There are a few things you can do to improve the readability of your resume and make it easier for recruiters to scan. Left-align your text, use a standard font size and type, and keep bullets to a maximum of two lines. Additionally, try to use formatting sparingly and strategically to emphasize key points, and leave some white space on the page to make the document easier to read.

Be Concise

There is no set length for a resume, but it is generally recommended that it be one or two pages long. A one-page resume is best for recent graduates or those with less than 10 years of experience, while a two-page resume is more appropriate for those with more experience. When trimming down a resume, focus on removing irrelevant information and highlighting only the most relevant and recent experience.

Check Your Work

Proofreading your resume is an important step in ensuring that it looks polished and professional. There are a few key things to watch for when proofreading: spelling mistakes, punctuation mistakes, and grammatical mistakes. It is also important to be aware of easily confused words. Spell-checking your resume is a good way to catch mistakes, but it is important to have someone else read it over as well.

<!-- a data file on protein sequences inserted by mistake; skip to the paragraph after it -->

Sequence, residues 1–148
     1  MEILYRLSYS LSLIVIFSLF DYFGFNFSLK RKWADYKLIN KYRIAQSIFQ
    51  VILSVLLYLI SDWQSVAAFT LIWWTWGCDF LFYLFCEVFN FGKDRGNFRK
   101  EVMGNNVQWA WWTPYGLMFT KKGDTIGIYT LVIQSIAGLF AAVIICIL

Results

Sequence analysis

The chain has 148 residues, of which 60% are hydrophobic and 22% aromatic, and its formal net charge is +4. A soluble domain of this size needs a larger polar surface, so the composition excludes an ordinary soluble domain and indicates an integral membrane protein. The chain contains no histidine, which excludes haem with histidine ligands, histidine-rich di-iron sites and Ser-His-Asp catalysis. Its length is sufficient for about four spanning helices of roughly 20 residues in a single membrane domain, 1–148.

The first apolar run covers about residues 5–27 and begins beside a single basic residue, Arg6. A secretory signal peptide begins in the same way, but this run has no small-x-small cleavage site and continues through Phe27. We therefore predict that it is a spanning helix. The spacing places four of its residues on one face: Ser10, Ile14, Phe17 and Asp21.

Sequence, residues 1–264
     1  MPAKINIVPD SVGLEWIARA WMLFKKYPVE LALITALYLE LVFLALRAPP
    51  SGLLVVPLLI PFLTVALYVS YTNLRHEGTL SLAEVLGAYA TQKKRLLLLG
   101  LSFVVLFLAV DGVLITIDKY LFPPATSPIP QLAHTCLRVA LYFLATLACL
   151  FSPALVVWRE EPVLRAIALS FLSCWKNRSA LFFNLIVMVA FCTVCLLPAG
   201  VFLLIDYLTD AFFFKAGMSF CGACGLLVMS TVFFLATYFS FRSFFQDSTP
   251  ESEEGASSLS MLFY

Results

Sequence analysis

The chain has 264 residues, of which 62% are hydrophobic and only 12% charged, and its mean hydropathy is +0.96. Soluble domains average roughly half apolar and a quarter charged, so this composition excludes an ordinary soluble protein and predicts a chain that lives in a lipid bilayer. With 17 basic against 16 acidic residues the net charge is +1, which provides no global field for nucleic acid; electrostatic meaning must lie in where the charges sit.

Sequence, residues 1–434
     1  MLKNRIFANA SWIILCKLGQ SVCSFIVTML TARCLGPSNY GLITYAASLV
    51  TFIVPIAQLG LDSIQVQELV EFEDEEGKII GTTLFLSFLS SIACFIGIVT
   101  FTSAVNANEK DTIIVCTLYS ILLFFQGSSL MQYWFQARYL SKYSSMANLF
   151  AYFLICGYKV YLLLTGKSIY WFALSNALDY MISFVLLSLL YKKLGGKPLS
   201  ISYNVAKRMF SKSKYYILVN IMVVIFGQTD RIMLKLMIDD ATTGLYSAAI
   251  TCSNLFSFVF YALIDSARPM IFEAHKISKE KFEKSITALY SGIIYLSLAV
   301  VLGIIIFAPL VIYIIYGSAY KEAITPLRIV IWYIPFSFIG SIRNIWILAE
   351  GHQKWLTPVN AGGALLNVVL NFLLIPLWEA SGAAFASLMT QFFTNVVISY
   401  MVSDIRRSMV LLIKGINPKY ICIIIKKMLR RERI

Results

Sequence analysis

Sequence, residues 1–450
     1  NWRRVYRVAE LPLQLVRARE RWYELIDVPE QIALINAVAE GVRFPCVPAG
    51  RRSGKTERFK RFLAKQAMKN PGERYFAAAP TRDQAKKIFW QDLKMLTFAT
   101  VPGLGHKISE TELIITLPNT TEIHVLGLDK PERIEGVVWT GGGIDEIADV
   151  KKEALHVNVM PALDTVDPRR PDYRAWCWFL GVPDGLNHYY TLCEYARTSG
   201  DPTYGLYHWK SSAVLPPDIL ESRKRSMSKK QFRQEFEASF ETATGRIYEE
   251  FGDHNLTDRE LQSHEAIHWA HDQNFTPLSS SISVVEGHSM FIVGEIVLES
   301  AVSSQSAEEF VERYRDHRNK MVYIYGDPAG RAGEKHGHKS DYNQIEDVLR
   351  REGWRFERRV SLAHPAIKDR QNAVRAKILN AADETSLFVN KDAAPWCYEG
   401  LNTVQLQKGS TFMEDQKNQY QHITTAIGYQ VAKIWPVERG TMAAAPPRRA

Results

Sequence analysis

Consider Including a Summary

A resume summary statement is an excellent way to introduce yourself to potential employers, as it allows you to highlight your skills and experiences in a concise and easy-to-read format. By explaining who you are, what you do, and what you’re looking to do next, you can give recruiters a better understanding of how you might be a good fit for the role you’re applying for. Additionally, a well-written summary can help to bridge the gap between your past experience and your future goals, showing hiring managers that you’re ambitious and motivated. If you’re looking to make a strong first impression, a resume summary statement is a great way to do it.